British Royal Marines seized a giant oil tanker belonging to the Iranian regime in Gibraltar on Thursday for trying to take oil to Syria in violation of European Union sanctions.
The Grace 1 tanker was impounded in the British territory on the southern tip of Spain after sailing around Africa, the long route from the Middle East to the mouth of the Mediterranean.
The Iranian regime’s Foreign Ministry summoned the British ambassador to voice “its very strong objection to the illegal and unacceptable seizure” of its ship. The diplomatic gesture lifted any doubt over the Iranian regime’s ownership of the vessel, which flies a Panama flag and is listed as managed by a company in Singapore.
Following the seizure Panama’s Maritime Authority said on Thursday that Grace 1 was no longer listed in Panama’s international boat registry as of May 29.
The Panamanian authority added that Grace 1 had been de-listed after receiving an alert indicating that the ship had participated in or was linked to terrorism financing.
White House national security adviser John Bolton on Thursday welcomed Britain’s seizure of the oil tanker, saying the U.S. and its allies will continue to prevent the Syrian and Iranian regimes “from profiting off this illicit trade.”
Bolton said in a tweet: “Excellent news: UK has detained the supertanker Grace I laden with Iranian oil bound for Syria in violation of EU sanctions. America & our allies will continue to prevent regimes in Tehran & Damascus from profiting off this illicit trade.”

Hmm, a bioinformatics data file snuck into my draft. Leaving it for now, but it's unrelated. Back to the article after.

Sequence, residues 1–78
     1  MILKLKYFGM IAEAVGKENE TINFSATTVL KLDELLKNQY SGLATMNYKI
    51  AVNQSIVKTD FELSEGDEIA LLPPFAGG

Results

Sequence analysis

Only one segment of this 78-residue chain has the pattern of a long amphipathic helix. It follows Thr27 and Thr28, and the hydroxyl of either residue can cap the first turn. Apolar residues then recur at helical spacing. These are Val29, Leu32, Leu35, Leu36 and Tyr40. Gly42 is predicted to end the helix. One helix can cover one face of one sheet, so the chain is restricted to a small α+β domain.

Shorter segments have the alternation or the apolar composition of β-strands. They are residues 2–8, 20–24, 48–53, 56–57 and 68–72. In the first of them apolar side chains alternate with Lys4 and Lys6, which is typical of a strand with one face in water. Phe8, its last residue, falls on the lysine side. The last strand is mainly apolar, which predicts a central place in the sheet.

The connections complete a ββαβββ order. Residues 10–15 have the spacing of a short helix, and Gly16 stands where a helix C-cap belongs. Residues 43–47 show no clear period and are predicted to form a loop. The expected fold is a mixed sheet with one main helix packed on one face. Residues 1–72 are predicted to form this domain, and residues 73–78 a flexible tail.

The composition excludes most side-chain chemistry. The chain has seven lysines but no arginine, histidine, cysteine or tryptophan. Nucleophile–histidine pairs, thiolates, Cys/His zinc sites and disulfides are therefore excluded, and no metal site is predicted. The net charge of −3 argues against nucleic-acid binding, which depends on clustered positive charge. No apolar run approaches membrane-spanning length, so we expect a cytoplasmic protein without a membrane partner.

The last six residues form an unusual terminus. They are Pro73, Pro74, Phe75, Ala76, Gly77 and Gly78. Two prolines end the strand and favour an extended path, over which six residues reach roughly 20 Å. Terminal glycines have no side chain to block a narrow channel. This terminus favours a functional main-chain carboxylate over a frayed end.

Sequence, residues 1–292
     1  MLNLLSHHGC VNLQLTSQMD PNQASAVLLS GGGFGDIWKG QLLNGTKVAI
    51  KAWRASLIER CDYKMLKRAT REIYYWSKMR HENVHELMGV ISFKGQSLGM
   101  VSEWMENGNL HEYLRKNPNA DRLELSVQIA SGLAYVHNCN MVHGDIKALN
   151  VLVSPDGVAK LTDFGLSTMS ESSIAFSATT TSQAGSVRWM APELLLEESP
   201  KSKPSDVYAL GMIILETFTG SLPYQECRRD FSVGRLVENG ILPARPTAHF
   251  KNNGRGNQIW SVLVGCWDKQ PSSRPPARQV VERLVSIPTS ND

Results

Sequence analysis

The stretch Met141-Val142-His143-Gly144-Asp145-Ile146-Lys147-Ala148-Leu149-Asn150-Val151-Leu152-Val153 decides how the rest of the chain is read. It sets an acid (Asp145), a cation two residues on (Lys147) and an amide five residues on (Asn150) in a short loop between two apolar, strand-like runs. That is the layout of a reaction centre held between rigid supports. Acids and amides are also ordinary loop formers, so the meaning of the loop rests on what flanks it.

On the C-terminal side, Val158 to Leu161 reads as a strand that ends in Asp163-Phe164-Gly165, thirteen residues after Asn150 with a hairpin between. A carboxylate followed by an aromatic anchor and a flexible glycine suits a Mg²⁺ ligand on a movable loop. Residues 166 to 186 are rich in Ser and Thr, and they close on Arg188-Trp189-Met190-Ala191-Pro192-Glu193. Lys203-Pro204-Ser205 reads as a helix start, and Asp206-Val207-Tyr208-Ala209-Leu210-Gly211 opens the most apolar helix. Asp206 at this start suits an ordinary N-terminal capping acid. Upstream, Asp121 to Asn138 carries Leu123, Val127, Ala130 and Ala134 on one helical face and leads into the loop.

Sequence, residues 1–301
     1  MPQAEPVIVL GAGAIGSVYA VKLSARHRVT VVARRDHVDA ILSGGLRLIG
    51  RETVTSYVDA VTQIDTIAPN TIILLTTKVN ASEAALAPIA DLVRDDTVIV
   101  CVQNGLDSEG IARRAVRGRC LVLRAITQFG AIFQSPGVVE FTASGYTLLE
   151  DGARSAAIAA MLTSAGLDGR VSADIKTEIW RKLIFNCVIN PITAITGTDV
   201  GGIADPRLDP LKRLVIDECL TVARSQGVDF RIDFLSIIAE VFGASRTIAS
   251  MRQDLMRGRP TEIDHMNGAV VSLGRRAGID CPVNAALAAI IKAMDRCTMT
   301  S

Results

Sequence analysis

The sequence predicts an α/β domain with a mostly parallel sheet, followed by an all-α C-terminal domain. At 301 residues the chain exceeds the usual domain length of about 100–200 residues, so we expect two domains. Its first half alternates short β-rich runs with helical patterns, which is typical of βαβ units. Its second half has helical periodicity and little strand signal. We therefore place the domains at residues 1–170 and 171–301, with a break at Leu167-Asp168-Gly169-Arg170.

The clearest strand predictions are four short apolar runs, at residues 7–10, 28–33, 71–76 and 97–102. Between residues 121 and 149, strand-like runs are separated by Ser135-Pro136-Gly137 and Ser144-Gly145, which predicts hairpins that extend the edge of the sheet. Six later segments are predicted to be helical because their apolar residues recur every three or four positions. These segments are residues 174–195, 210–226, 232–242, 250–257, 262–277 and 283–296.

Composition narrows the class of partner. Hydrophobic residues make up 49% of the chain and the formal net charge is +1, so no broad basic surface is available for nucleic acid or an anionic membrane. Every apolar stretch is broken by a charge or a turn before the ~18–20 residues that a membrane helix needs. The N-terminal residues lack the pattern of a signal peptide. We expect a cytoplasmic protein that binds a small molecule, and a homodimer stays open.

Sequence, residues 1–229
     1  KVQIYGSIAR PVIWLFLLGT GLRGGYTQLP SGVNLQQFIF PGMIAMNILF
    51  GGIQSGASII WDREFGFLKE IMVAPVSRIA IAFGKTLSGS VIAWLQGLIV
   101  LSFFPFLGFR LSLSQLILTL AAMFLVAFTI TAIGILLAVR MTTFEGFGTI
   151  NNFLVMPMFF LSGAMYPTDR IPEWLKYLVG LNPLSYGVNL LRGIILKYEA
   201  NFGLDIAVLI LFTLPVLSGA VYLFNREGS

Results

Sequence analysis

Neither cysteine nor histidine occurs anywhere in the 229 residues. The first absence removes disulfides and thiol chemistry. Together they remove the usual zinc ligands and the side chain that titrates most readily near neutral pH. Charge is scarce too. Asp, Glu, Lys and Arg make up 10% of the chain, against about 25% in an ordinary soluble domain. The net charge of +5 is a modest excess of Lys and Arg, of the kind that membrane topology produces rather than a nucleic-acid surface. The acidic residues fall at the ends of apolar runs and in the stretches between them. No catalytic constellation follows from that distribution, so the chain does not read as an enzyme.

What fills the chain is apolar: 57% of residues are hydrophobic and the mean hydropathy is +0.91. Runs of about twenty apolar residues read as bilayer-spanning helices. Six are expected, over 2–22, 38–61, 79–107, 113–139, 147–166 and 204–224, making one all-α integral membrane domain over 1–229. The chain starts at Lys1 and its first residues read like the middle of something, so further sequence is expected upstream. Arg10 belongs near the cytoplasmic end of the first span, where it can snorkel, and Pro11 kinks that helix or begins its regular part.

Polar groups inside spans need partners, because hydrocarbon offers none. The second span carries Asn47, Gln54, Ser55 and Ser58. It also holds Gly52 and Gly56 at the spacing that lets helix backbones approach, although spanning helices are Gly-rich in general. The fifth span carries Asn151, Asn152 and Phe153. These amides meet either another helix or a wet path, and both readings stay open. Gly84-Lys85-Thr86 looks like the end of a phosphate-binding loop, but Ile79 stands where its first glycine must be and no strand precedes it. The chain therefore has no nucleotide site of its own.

Excellent news: UK has detained the supertanker Grace I laden with Iranian oil bound for Syria in violation of EU sanctions. America & our allies will continue to prevent regimes in Tehran & Damascus from profiting off this illicit trade.
— John Bolton (@AmbJohnBolton) July 4, 2019
Shipping data reviewed by Reuters suggests the tanker was carrying Iranian oil loaded off the coast of Iran, although its documents say the oil is from neighboring Iraq.
While Europe has banned oil shipments to Syria since 2011, it had never seized a tanker at sea.
But the Iranian regime’s acknowledgment that it owned the ship, and the likelihood that its cargo was also Iranian, drew a link between the incident and a new U.S. effort to halt all global sales of Iranian crude, Reuters wrote.
The Gibraltar government said it had reasonable grounds to believe that the Grace 1 was carrying crude oil to the Baniyas refinery in Syria.
“That refinery is the property of an entity that is subject to European Union sanctions against Syria,” Gibraltar Chief Minister Fabian Picardo said. “With my consent, our port and law enforcement agencies sought the assistance of the Royal Marines in carrying out this operation.”
A spokesman for British Prime Minister Theresa May welcomed Gibraltar’s move.
Earlier this year, Reuters revealed that the Grace 1 was one of four tankers involved in shipping Iranian fuel oil to Singapore and China, violating U.S. sanctions.
The 300,000-tonne tanker is registered as being managed by Singapore-based IShips Management Pte Ltd.
It was documented as loading fuel oil in the Iraqi port of Basra in December, though Basra did not list it as being in port and its tracking system was switched off. The tanker reappeared on tracking maps near Iran’s port of Bandar Assalyeh, fully loaded.
A maritime intelligence source said the ship may have made the journey around Africa to avoid the Suez Canal, where such a large super-tanker would have had to unload its cargo and refill after passing through, exposing it to potential seizure.
Based in part on wire reports